Pablo – I like the way you think!

As a tracker you get used to seeing partial or distorted prints, and for many of the rarer ones you’re never quite sure what made them.  The chance to get perfect prints from a known species is too good to pass up.  Well, I didn’t take pawprints but I was on the same wavelength as Pablo.  I took pictures instead.

Here, for the record, is what a polecat’s paws look like.  Here’s the fore paw:

Polecat fore (front) paw

Polecat fore (front) paw

Here’s the hind paw:

Polecat hind (rear) paw

Polecat hind (rear) paw

Note the five toes on each foot.  Polecats are members of the mustelid family, just like badgers, and they share the same basic foot structure.

Here’s a badger foot for comparison:

Badger fore paw

Badger fore paw

So, now we know what we’re looking for, it’s time for us all to go out and start looking out for polecat tracks.  That’s the beauty of tracking – it allows you to find out about the local wildlife without needing to see the animals yourself.  It’s a great tool for the naturalist to have.

I’ll keep you posted on my results.

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In yesterday’s post I described how I came across a polecat that had been killed on the road just outside our village.  Polecats still being quite rare in these parts, I was quite pleased to have found one so close to home (obviously the circumstances were less than ideal from the polecat’s point of view).  I ended by saying I’d like to see one some day.

Well, this morning I drove to the tip again (I told you it was a regular activity for me) and as I neared the spot where I found the dead polecat, a live one ran across the road in front of me.  It paused to sniff at a parked car and then disappeared into the woods at the side of the road.

It was definitely a polecat, or at least it was definitely the same species as the one I examined yesterday. A beautiful, lithe, sinuous creature.  If I was pleased to see a dead polecat, I was positively ecstatic to see a live one.

It goes to show that where there’s one animal from a species, there will be more.  Fair enough, this was only a fleeting view, but it’s a start.  The next stage will be to try and observe a polecat properly, and to get a photo or two if possible.  Given my lack of success with finding and watching the polecat’s near relative, the stoat, this may be difficult.  In theory, knowing the area where they live, the best thing would be to find a spot with plenty of rabbits (the main prey) and sooner or later I should be rewarded with decent polecat sighting.

And do you remember BBC Springwatch last year?  Simon King (my hero!) had waited 46 years to see a polecat.  With the finest camera equipment available (including multiple night vision cameras), a whole team of people and the pick of polecat hotspots to choose from, it still took them the best part of a week to get any good footage.  Never mind.  One of the good things about being a (very) amateur naturalist is that I’m in no hurry.  I have no deadlines to meet, no live programmes to fill.  It may take a while, but sooner or later I’ll get that picture of a polecat.

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Polecat road casualty in BedfordshireThis morning I was driving to the tip with a load of rubbish (a regular weekend activity when you’re renovating an old house) when I noticed a dead animal on the road about a mile and a half away from my house.  Dead animals are pretty common around here, mostly rabbits and pheasants with the odd muntjac or chinese water deer too.  This animal was different though.  It tells you something about my character that I stopped the car and walked back for a look.  My curiosity overcame my general repugnance at looking at a dead animal on a hot summer day.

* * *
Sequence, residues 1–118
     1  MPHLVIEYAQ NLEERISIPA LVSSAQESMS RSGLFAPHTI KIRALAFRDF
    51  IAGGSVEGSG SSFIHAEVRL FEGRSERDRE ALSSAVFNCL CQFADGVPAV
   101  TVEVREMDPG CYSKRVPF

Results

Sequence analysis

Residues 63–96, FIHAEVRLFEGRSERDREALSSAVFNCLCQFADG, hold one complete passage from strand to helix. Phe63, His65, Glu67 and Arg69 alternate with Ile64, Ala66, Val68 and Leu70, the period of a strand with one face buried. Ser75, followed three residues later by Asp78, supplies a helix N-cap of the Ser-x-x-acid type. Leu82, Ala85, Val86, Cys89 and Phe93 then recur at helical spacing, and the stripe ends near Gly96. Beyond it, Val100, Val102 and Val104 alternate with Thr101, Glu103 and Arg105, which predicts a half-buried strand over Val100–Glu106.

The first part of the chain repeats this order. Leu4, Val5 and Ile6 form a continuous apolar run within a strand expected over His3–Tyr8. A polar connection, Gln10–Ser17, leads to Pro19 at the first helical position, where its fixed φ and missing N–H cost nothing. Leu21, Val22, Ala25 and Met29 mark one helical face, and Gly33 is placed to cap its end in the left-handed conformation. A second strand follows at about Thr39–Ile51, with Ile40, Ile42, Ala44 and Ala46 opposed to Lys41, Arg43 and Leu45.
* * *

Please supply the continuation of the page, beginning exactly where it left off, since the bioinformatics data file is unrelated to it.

I’m pretty sure that the animal was a polecat.  The polecat is one of the success stories of British wildlife, in a slightly topsy-turvy way.  Once commonplace, they were wiped out from most of the country until by the 1930s they were limited to mid-Wales.  Since then, with the decline of gamekeepers and large-scale shooting estates, the polecat has been re-colonising England, and the speed of their spread eastwards seems to be increasing.  Most of our knowledge of polecat distribution in the UK comes not from sightings but from road kills – they’re quite an elusive and inconspicuous species.  Polecats are not unknown in Bedfordshire by any means (my wife saw one crossing a road last year), but they aren’t common either.

This animal had the classic ‘bandit mask’ dark markings around the eyes that are characteristic of polecats. However, Polecat facial markingshaving never seen a polecat before I can’t be 100% sure.  The problem is that escaped ferrets (which are basically domesticated polecats) will revert to polecat-like colouring after a few generations in the wild.  These are known as ‘polecat ferrets’.  But let’s be realistically optimistic about this.  Polecats are expanding across the country and there are confirmed records of them in Bedfordshire.  Unless someone more expert than me can give me evidence to the contrary, I’m going to assume that this animal was a real, bona fide polecat and this means that polecats are established in my local area.  It isn’t a major scientific breakthrough, but it’s another piece in the jigsaw of our local wildlife, and it gives me hope that I might see one in the wild one day.

Incidentally, I don’t really think I should be encouraging people to start messing around with dead animals by the roadside, but if you really do want to, please make sure you stay safe.  Always, always watch out for traffic, and if the road isn’t safe then don’t put yourself at risk.  You’d look pretty daft ending up as another casualty alongside the animal you’re supposed to be looking at.  And please do follow some basic precautions if you want to handle dead animals.  I keep a box of disposable gloves and a bottle of hand sanitiser permanently in my car for just this sort of situation.  Don’t even think about handling wild animals without them.